Treasury Secretary Steven Mnuchin Apologizes (Sort Of) for 'Lego Batman Movie' Plug

“It was not my intention to make a product endorsement,” he tells the U.S. government ethics boss.

Secretary of the Treasury Steven Mnuchin conceded he risked an ethics violation when he recently urged parents to send their kids to The Lego Batman Movie, on which he served as an executive producer.

But Mnuchin, in a letter to the U.S. Office of Government Ethics made public on Friday to NBC News, stopped short of issuing a full apology, and argued instead his quip delivered at a forum organized by new-media startup Axios did not amount to a movie recommendation.

“I want to assure you that I was aware of the rule against using public office to promote a particular product, as I specifically acknowledged in the interview, and in responding to the question posted by the interviewer, it was not my intention to make a product endorsement,” Mnuchin wrote Walter M. Shaub Jr., director of the government’s ethics office.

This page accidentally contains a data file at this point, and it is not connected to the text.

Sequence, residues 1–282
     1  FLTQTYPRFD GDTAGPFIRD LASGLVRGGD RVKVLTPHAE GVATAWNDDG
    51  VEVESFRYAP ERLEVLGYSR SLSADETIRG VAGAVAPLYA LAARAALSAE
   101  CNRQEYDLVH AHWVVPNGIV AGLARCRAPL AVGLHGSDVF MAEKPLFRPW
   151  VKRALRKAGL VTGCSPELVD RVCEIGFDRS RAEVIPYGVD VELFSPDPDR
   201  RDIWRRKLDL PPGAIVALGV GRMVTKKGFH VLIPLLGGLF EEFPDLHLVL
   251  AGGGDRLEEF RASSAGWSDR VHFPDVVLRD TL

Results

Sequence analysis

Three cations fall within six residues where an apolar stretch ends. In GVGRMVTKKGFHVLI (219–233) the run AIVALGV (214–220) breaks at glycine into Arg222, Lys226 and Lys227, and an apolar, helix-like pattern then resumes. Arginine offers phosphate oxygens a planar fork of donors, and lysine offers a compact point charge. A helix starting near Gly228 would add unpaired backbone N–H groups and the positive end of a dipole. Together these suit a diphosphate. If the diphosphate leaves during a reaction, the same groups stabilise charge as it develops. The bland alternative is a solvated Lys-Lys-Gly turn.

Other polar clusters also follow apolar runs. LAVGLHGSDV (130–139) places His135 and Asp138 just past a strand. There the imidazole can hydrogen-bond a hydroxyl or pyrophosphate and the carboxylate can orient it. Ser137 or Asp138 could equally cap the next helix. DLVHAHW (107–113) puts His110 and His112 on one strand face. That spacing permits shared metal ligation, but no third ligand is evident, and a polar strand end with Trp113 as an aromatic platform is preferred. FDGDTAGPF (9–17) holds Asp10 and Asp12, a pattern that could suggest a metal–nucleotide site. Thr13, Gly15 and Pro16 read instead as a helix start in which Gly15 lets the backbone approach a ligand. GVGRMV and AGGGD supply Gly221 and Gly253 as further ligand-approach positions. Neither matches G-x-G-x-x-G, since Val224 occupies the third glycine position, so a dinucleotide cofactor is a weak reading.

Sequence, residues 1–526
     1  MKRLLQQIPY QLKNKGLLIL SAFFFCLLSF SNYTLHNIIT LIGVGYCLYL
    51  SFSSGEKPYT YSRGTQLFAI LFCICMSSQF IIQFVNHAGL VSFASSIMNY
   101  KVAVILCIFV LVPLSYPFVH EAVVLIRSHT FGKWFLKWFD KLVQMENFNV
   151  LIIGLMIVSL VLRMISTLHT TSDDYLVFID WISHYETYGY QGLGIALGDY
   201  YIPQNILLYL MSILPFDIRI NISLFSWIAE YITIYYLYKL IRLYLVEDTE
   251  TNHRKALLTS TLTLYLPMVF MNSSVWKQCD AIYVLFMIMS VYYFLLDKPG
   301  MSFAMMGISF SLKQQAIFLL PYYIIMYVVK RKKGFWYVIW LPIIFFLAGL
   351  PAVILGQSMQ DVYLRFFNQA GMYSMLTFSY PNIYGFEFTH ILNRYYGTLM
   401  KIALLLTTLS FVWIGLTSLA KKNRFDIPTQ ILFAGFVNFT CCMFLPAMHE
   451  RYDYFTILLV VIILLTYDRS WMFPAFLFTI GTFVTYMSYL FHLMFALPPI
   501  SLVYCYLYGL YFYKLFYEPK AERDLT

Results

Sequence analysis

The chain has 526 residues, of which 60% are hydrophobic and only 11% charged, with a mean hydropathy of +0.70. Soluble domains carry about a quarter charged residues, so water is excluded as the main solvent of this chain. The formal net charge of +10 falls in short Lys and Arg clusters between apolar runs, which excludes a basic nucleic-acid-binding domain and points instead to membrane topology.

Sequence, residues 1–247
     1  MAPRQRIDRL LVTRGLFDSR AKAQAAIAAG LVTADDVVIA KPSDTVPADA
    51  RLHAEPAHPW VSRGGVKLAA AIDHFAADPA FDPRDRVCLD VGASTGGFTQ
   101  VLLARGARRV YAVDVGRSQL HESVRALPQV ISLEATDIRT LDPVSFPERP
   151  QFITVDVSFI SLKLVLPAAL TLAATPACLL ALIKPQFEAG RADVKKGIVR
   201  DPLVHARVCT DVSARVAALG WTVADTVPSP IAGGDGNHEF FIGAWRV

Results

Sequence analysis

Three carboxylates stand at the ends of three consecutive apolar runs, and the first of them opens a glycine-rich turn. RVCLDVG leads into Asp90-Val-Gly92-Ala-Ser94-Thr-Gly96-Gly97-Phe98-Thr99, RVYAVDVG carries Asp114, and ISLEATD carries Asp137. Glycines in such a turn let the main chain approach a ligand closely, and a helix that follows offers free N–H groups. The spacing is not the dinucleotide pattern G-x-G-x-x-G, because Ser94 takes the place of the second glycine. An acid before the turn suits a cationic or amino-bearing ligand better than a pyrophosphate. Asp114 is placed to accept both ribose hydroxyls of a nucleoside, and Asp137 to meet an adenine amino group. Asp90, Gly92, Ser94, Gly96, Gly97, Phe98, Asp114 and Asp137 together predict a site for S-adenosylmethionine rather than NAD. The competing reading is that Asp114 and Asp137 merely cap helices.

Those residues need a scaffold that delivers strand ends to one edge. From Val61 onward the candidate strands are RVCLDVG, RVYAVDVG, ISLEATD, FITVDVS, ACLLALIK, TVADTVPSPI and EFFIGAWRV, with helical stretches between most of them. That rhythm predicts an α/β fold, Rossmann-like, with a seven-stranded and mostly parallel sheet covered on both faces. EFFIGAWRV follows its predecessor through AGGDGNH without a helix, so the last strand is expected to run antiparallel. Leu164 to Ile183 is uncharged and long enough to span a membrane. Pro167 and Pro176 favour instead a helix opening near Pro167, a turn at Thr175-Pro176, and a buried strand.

Mnuchin, who promised no future plugs for The Lego Batman Movie, was interviewed by Axios’s co-founder Mike Allen and was asked about movies in which he had been involved as the event was drawing to a close.

Admitting first that he could run afoul of federal ethics laws, Mnuchin raised eyebrows when he answered, “I’m not allowed to promote anything that I’m involved in. So I just want to have the legal disclosure, you’ve asked me the question, and I am not promoting any product. But you should send all your kids to Lego Batman.

Mnuchin has an executive producer credit on the film. The Treasury Secretary in his letter said he takes “very seriously” his ethical responsibilities.

“I want to reassure you that I will exercise greater caution to avoid any suggestion that I do not take these important rules seriously,” Mnuchin wrote. Critics immediately pounced on Mnuchin’s Lego Batman recommendation, noting that RatPac receives income from the film and Mnuchin may not yet be fully divested of the company, which he has promised to do within 120 days of his Feb. 13 confirmation.

SOURCE: Hollywood